Yungdrung Bön

One of the most ancient spiritual traditions in the world, with a unique heritage.

Bön — usually referred to as pre-Buddhist Tibetan religion of ancient Tibet — is the native culture and tradition of the Himalayan region, one of the most ancient spiritual traditions in the world, with a unique heritage and uninterrupted transmission lineage.

Unfortunately, for a long period of time this religion was often an object of misunderstanding both in Tibet and in the West, erroneously identified with primitive shamanism and animism. The reason for this confusion was that the word bön originally used to describe various existing religious, magic and ritual traditions, based on the elements common for all the pan-Asian shamanism.

Etymologically, the word bön comes from the verb bön pa — “to pronounce magic formulas”, such as chants, recitations, invocations etc. But this popular bön should be distinguished from the higher forms of religious culture, bearing the same name, from the spiritual path of enlightenment, comparable with the Buddhist tradition. This higher Teaching is known as Yungdrung Bön, or Eternal Bön and historical sources of this teaching lie in the ancient realm of Tagzig in Central Asia and the Buddha Tönpa Shenrab, who lived in Tagzig about 18000 years ago.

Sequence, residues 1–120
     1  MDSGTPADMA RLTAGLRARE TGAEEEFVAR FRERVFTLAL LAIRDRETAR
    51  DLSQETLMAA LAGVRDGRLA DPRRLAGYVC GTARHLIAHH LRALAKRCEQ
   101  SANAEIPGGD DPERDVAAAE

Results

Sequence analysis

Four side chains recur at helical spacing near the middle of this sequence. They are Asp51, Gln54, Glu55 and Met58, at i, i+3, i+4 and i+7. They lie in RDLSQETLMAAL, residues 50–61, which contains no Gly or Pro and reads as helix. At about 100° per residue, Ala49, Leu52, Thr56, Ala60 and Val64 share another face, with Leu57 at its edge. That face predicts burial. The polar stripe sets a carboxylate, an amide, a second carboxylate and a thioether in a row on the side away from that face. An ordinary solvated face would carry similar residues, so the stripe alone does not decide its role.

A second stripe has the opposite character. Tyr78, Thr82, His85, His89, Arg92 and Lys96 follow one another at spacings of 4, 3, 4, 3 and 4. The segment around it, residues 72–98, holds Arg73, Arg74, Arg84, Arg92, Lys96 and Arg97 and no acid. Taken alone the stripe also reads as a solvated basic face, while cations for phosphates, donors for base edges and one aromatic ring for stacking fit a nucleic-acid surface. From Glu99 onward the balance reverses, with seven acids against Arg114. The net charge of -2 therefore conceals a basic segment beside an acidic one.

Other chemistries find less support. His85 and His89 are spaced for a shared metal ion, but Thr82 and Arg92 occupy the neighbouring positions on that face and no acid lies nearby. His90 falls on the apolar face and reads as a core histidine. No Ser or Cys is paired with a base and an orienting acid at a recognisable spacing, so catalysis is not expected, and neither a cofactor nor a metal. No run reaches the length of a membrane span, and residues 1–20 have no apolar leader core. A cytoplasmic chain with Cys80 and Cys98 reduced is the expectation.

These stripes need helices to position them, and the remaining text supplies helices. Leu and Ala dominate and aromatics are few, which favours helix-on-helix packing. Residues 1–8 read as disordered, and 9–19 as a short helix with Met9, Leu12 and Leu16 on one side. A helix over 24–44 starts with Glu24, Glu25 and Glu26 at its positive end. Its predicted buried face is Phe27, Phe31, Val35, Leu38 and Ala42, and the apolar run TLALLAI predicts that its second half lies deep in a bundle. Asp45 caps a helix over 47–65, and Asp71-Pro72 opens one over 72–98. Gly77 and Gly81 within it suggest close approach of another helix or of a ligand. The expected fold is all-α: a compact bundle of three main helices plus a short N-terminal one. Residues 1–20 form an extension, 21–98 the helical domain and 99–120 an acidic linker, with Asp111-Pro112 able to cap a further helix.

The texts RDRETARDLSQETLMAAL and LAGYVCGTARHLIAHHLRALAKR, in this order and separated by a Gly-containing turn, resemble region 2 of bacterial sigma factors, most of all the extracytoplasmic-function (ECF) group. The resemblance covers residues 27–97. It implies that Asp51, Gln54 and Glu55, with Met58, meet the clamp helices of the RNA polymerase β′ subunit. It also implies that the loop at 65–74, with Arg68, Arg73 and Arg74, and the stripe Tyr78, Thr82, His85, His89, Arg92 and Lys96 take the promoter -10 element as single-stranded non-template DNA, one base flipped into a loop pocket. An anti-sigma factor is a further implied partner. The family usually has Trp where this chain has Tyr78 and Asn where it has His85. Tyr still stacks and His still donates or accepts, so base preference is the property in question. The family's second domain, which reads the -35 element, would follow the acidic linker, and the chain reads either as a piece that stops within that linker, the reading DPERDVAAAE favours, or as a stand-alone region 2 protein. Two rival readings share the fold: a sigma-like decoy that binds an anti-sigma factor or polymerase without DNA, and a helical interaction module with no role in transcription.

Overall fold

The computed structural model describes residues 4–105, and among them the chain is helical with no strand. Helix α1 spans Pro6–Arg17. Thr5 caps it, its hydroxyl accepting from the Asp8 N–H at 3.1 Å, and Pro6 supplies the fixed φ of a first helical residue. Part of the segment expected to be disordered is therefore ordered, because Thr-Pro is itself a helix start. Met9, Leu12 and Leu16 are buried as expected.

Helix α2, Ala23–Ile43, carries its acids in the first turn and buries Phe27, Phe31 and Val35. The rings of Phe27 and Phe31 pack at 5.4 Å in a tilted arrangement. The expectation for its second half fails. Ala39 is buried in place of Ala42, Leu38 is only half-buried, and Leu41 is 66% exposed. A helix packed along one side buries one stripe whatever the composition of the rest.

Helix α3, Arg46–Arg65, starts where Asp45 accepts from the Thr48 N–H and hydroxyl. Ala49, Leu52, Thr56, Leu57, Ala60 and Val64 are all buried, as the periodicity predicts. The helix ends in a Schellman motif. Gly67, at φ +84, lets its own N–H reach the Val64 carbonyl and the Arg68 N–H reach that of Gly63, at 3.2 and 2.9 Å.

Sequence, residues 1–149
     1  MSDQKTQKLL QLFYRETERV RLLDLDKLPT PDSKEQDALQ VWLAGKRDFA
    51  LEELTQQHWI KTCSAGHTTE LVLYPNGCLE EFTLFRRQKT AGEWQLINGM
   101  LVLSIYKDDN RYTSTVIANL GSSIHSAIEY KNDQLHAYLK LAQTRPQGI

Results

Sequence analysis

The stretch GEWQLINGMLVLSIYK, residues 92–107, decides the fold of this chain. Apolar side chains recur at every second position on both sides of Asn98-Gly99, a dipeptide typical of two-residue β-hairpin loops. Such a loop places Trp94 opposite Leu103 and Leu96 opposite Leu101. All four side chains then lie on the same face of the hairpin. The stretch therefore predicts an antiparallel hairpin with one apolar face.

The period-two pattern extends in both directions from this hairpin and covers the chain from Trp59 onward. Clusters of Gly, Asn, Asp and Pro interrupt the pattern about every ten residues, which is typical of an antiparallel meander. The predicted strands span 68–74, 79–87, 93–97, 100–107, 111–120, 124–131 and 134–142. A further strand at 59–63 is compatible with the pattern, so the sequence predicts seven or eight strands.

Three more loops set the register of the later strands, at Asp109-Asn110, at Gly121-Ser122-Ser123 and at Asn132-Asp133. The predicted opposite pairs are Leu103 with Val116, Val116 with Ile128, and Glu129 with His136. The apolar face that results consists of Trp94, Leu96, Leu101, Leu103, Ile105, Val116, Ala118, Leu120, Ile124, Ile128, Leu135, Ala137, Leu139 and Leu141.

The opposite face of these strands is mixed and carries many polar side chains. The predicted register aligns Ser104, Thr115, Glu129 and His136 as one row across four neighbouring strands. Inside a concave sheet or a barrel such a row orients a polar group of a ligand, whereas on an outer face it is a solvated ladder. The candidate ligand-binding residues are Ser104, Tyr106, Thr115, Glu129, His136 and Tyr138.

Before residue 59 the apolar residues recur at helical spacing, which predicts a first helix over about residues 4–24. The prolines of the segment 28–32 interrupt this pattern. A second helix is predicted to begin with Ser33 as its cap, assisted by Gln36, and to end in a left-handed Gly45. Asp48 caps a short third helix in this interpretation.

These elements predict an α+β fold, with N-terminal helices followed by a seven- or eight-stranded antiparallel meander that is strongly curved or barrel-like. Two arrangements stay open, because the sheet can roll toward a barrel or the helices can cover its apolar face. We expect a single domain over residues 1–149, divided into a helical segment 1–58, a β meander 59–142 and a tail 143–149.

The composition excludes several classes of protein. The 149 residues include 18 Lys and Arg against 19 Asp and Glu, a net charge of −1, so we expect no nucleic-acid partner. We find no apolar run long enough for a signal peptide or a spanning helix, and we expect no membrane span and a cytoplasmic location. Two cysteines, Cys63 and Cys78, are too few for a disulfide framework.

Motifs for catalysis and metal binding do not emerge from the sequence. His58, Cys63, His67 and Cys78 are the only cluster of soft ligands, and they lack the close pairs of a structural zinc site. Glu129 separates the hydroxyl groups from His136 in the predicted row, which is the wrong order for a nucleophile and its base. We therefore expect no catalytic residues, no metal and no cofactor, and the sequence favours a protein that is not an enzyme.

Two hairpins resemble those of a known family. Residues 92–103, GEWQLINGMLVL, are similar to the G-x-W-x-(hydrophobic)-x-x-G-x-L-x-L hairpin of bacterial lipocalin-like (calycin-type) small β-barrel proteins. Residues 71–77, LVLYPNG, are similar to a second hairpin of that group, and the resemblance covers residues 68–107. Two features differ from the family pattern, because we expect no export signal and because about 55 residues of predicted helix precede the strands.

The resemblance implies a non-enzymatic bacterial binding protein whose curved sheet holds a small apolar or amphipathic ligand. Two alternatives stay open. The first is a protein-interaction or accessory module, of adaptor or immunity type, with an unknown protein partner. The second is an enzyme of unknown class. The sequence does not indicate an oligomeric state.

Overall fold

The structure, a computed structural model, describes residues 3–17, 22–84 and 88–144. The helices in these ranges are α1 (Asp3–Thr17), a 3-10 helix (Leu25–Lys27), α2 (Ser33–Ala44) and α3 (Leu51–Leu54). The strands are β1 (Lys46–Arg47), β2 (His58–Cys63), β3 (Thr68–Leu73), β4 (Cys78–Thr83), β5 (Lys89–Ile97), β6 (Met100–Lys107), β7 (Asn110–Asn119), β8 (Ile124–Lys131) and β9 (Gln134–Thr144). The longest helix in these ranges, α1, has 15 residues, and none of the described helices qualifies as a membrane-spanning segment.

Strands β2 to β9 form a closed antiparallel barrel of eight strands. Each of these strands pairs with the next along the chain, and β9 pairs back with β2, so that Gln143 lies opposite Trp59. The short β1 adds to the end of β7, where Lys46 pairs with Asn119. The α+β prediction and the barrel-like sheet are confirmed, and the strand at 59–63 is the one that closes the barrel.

Although Bön is a complete and organized religion formally recognized in a number of countries, many of its principles and doctrines are similar to those of Buddhism, and the essential difference between these two traditions lies mainly in their origin. All four Tibetan Buddhist schools (Nyingma, Sakya, Kagyu, and Gelug) revere the historical figure of Shakyamuni as their founder and the source of traditional teachings. While the Bönpo, the followers of Bön, consider their tradition to have originated not from the Indian prince Siddhārtha Gautama, but from another Prince — Shenrab Miwo, who manifested as a Buddha in a more ancient era in a place called Olmo Lungring, in Tagzig. The spiritual path to liberation preached by Tönpa Shenrab became widely practiced in the ancient Kingdom of Zhang Zhung in Western Tibet, and then spread to the Central Tibet.

Over the course of history, the Yungdrung Bön repeatedly suffered persecution and several times was on the verge of total extinction. In the 20th century, as a result of tireless efforts from the elders of the Bön tradition and their assistants, monasteries and centers for the study of this ancient culture were built outside of Tibet. Misconceptions about the Bön religion gradually disperse due to the interest from the academic community and researches conducted by scholars from all around the world.